Sau 2 ngày nghỉ ngơi cưỡi ngưạ xem hoa ở stuttgart (có bao gồm việc vào cửa hàng số 1 của Porsche hỏi mua xe ô tô :D), 3 chúng tôi và cậu con trai 2 tuổi của bạn tôi lên đường cưỡi ngựa sặt sang Zurich ngắm núi.

Từ Stuttgart tới biên giới Đức- Thuỵ Sĩ đi ô tô mất tầm 2 tiếng nếu giao thông thuận lợi và thêm khoảng 1 tiếng đề vào đến trung tâm Zurich. Chồng bạn tôi có nói cuối tuần rất nhiều người thuỵ sĩ qua Đức đi siêu thị vì mọi thứ đều rẻ hơn rất nhiều. Thuỵ Sĩ hiện tại vẫn dùng đồng Franc Thuỵ Si có mệnh giá bằng đồng dollar Mỹ. 3 đứa tôi dở khóc dở cười vì các toilet công cộng đều cần xu franc trong khi không ai lường trước được “nhu cầu” thiết yếu này trên đường đi.

Trước khi vào thành phố tôi dừng ở Marche ăn trưa. Đây là một chuối nhà hàng đồ ăn Thuỵ Sĩ có mặt khắp thế giới và là chỗ mà tôi và cô bạn thân mê mệt ở Singapore vì có món tủ rosti ăn kèm phô mai kem và cá hồi hun khói. Rosti là một loại bánh pancake thuỵ sĩ làm bằng khoai tây thái sợi và rán dầu. Rất đơn giản và rất nghiền!

Mùa hè năm nay tôi đã đến Luxembourg, đất nước bé nhỏ có GDP theo đầu người cao thứ 2 trên thế giới và đã mở mắt với cách sống đơn giản nhẹ nhàng của người dân nơi đây. Thuỵ Sĩ, ngoài việc nằm trong top các quốc gia giàu nhất thế giới, trong nhiều năm cũng đứng hàng top 5-10 các quốc gia hạnh phúc nhất thế giới theo bào cáo thường niên của UN. Và Zurich, theo nhiều báo cáo là thành phố có chất lượng sống tốt nhất hành tinh! Tôi cũng có bạn sống ở THuỵ Sĩ, cả người Việt và người nước ngoài và tất cả đều rất thích cuộc sống ở đây. Tất nhiên ở các quốc gia có thu nhập trung bình cao mức giá cũng cao theo (Zurich cũng đứng top 10 luôn), nhưng phong cách sống và cách nhìn nhận cuộc sống của họ thì có rất nhiều điều để học hỏi.

img_1043

Chúng tôi dừng xe ở một ngôi làng lưng chừng đồi theo đường lên Uetliberg, điểm cao nhất của Zurich rồi đi bộ tầm 4-5 cây số lên dốc. Cậu con trai bạn tôi ngủ ngon lành trong xe đẩy. Mùa tháng 7 là cuối mùa cherry và còn khoảng 1 tháng thì đến mùa thu hoạch táo và lê. Ngôi làng với những căn nhà lớn với khung cảnh không có gì để chê, lác đác vài khu vườn táo và lê khá lớn. Hai bên đường phúc bồn tử dại bắt đầu chín. Tôi và cô bạn cũng hái được mấy nắm nho nhỏ. Sau khoảng 1 tiếng rưỡi chúng tôi cũng lên đến đỉnh và tự thưởng cho mình mỗi đứa một chai bia và cu cậu một cây kem to. Từ điểm dừng chân 871m trên mực nước biển, cả thành phố và toàn bô hồ Zurich thu vào tầm mắt. Giữa ngày hè trời quang mây soi xuống lòng hồ trên núi và tôi có thể nhìn thấy cả những đuôi sóng từ những con thuyền buồm! Giờ mới hiểu tại sao người Châu Âu thán phục vẻ đẹp của đất nước Thuỵ Sĩ đến vậy.

Sau đó chúng tôi đi chuyến tàu từ đồi Uetliberg xuống trung tâm thành phố. Tại đây, nơi cất giữ và bảo mật một khối lượng của cải khổng lồ cho các tài phiệt, chính trị gia, hoàng gia trên toà thế giới, Thuỵ Sĩ giữ vị trí trung lập về chính trị và đã tránh được những làn bom đạn của thế chiến thứ nhất và thứ 2. Thành phố Zurich như tôi thấy đã có bộ mặt đô thị phồn hoa như vậy từ nhiều thế kỷ trước bên dòng sông Linmat. Đi dọc bờ sông tôi thấy rất nhiều bạn trẻ bơi trên sông. Ở độ cao trên 400m, dù giữa đinh điểm mùa hè, nước sông chỉ nhỉnh hơn 20*C, lạnh!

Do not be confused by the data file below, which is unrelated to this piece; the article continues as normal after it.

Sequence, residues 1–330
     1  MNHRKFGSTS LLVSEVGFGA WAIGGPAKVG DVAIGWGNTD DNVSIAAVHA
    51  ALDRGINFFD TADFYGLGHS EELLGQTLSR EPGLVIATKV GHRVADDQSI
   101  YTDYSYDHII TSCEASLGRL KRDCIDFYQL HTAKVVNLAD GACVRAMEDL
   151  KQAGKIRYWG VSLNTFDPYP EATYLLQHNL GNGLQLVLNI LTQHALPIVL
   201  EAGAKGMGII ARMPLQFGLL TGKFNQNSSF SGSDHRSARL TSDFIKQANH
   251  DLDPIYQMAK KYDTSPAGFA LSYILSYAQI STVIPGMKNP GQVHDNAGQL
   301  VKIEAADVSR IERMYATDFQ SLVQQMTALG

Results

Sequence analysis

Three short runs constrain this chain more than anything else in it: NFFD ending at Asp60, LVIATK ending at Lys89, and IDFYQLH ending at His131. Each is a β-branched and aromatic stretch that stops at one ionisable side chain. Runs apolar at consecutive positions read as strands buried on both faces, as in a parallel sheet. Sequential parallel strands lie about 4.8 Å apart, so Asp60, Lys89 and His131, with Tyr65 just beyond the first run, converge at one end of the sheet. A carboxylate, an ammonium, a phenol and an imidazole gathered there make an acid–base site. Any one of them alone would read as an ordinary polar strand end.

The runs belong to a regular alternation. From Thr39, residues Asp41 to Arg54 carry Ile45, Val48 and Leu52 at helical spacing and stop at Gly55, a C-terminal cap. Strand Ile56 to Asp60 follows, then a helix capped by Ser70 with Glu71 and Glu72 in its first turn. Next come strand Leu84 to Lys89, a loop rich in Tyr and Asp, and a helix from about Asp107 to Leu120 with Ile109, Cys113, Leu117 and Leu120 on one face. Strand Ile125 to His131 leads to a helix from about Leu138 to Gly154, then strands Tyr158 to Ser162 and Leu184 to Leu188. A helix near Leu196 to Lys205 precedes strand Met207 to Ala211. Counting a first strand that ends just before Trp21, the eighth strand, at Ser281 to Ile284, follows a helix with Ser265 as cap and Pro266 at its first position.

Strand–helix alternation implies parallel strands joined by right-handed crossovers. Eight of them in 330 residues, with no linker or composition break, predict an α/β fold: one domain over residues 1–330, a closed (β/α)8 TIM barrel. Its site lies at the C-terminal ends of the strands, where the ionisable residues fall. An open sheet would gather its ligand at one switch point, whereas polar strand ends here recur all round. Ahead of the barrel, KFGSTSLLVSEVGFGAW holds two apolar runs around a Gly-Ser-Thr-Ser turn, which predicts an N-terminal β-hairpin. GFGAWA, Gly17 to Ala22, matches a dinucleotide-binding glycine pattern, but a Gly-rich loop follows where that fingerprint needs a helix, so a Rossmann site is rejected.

Sông linmat đưa nước ra Hồ Zurich, tên tiếng Đức là Zurichsee. Cái tên làm tôi nghĩ phải gọi là biển hồ mới đúng vì hồ rất rộng, trong xanh và có vô vàn tàu bè. Chúng tôi đi dọc xuống khu công viên bên hồ. Cuối tuần công viên đông đúc, người lớn trẻ em tất cả đều ra công viên tắm nắng, nướng bbq, đạp xe, đi bơi. Tôi rất ấn tượng với một vài khu bể bơi thiên nhiên trên Hồ Zurich – một khu ngày cửa sông Linmat đổ ra hồ với kiến trúc Ba Tư với hồ bơi quây ở giữa và một khu ngay trên mặt hồ. Đây có lẽ là bể bơi lớn nhất và duy nhất không cần thay nước!

Điều thú vị nữa là những chiếc xe đạp vịt kiểu Thuỵ Sĩ – xe đạp vịt thường gắn thêm cầu trượt hoặc sunbed để mọi người có thể tắm nắng hoặc trượt xuống bơi luôn. Không như mấy cỗ xe đạp vịt ở hồ Tây nhà mình :). Thật tiếc vì không ai trong chúng tôi mang theo đồ bơi, chỉ có cu cậu 3 tuỏi là được chơi thoả thích ở một dài phun nước gần đó.

Giữa không gian cổ kính của thành phố này có một điều tôi chú ý – thành phố có rất nhiều người trẻ tuổi! Ngoài việc là trung tâm tài chính, Zurich cung tập trung nhiều viện nghiên cứu và trường đại học lớn, thu hut một luồng cư dân trẻ đến đây. Ai ai nhìn cũng rất hạnh phúc.

Chiều buông xuống một bầu trời rực lửa cũng là lúc chúng tôi nói lời chia tay với thành phố xinh đẹp này.

Hẹn gặp lại Zurich!

Yêu,

Kate

img_8205

Inside a secret garden in Florence

img_1553

The morning after I arrived in Florence, I ran down Porta Romana for my morning espresso at Bar d’Angelo and then on to Italia Power Yoga for my DIY yoga retreat week (meaningly 2-3 classes a week, scattered around my eating, reading and relaxing time in the city). I pulled myself to a halt as I passed number 144, via dei Serragli. The drive way is of grande size, lined with big beautiful trees on both side. The name on the small door was written in perfect illuminati style – Giardino Torrigiani (Torrigini Garden). I have not heard of it in any travel sites, especially when in Oltrarno, Bogoli Garden took the crown jewel.

After blissful yoga, I went home and started my digging. Do you know Giardino Torrigiani is Europe largest private garden? 17 acres of lush English style garden is solely own and managed by the Torrigiani family since 16 century. The catch to visit it – an invitation from of the 2 owners who would then accompany you around. That’s what it said on the website.